Was Leo III iconoclast?

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nomisma representing Leo III (on the obverse) and Constantine V (on the reverse), coined probably between 737 and 741. This coin shows well the Isaurian dynastic concept of imperial succession.

First of all I’d like to express my thanks to Professor Nicola Bergamo for helping me regarding the resignation of patriarch Germanus I of Constantinople (r. 715-730).

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Old wisdom claims Iconoclasm (actually it should be called iconomachy; this will be treated in a future post) was started being promoted by the Roman Emperor Leo III (r. 717-741) as an answer to Islam and the huge disasters of the 7th century, after the eruption of Thera in 726, in a series of edicts until 729. It is also claimed he faced revolts from the iconophile provinces and entered a dispute with the Pope over these matters, which made him take away the bishoprics of southern Italy and Illyricum as well as church incomes from papal lands in Sicily. [1]

This might all seem very impressive, but this theory has several problems, as Leslie Brubaker and John Haldon outlined. [2] First of all the narrative sources available for Leo’s reign, most are from the 9th or 10th centuries and have axes to grind against the Isaurians for their promotion of Iconoclasm. [3] This means Theophanes’ Chronographia, for instance, is far from neutral and reliable on this period, as several other instances of the Isaurians’ reign, where contradicting evidence exists, prove. [4] The only 8th century reference to his iconoclasm is allegedly in the Liber Pontificalis, which records Papal conflict with Leo, however the passages referring the emperor’s religious belief suffered from later interpolations, making the text as reliable as our chronistic Roman sources.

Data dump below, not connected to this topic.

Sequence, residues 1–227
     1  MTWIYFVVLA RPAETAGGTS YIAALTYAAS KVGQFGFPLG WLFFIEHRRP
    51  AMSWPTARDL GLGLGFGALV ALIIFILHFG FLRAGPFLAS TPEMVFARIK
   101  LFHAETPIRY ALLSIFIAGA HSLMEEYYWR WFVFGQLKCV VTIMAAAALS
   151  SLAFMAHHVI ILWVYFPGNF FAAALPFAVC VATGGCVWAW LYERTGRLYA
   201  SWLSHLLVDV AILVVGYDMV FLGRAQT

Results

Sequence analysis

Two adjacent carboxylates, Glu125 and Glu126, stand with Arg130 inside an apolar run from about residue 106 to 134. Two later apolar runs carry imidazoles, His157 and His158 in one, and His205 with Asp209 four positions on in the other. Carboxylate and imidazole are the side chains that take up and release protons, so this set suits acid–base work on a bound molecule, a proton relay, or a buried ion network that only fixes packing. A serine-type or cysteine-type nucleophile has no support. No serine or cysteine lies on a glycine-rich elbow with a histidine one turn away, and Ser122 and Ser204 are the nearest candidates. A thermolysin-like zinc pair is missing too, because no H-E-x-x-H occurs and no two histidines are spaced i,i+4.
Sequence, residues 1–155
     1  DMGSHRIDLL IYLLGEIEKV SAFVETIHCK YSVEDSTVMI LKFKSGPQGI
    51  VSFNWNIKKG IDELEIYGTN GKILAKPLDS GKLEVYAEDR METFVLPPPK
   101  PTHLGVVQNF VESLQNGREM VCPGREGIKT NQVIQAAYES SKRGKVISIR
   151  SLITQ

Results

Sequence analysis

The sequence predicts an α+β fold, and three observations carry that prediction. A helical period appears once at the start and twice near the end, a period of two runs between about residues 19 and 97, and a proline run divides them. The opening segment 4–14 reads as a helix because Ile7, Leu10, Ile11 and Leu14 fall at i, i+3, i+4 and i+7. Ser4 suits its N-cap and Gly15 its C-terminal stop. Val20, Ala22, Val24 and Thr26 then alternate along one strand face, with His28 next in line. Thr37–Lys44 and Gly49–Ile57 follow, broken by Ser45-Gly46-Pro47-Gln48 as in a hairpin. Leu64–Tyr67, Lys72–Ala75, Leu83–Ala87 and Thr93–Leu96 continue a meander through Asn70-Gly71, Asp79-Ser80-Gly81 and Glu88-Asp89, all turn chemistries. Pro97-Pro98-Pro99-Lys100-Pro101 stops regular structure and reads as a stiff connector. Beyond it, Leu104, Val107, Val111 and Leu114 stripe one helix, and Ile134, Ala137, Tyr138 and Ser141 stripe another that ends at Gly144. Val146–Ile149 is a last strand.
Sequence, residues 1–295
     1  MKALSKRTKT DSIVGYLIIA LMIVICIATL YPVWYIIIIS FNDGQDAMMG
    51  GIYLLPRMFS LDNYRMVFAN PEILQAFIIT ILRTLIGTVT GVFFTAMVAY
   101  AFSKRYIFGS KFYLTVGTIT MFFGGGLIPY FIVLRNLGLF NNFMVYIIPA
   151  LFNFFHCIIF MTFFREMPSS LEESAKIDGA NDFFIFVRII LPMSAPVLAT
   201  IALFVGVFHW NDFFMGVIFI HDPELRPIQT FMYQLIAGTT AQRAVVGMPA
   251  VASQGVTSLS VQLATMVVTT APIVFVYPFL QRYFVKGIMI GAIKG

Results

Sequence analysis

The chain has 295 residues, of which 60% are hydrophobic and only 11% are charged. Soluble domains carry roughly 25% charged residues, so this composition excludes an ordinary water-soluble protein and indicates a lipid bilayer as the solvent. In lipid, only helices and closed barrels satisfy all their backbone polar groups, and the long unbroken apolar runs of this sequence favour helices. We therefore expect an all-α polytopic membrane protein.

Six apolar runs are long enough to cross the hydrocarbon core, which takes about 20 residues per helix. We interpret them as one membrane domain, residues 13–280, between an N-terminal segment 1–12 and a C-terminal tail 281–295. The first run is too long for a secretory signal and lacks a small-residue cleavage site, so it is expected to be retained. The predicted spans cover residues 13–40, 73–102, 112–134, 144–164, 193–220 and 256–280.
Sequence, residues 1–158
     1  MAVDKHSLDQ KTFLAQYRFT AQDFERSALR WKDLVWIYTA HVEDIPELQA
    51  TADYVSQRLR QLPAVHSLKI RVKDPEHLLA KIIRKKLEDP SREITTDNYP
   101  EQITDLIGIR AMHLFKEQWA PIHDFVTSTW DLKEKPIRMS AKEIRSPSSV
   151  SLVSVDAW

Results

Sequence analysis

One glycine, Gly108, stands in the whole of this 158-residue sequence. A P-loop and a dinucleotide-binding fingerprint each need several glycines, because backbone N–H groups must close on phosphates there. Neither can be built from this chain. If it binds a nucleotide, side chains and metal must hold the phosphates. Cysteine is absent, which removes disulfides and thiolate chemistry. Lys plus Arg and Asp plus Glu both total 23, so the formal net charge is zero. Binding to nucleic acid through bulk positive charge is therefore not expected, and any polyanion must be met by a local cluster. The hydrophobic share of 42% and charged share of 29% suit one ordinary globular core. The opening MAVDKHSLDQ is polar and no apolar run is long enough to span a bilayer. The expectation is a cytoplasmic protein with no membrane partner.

To add to this scenario, we have the letters of patriarch Germanos (r. 715-730), that, despite the problems of such epistolary kind of evidence [5], are especially important for the case given his contemporaneity and his political role, especially if we have into account the story he was deposed for resisting iconoclasm.  In one letter written in the 730’s to Thomas of Klaudiopolis (a real Iconoclast), he wrote Leo III and his son Constantine V had ordered an icon of the apostles, prophets and the cross to be made in front of the imperial palace. [6] Since the Isaurians weren’t exactly popular after the end of the second controversy around iconomachy, the likelihood of this text being an invention is extremely low. As such, it introduces quite a different and startling conclusion: the founder of the Isaurian dynasty was an iconodule who suffered from character murder! [7]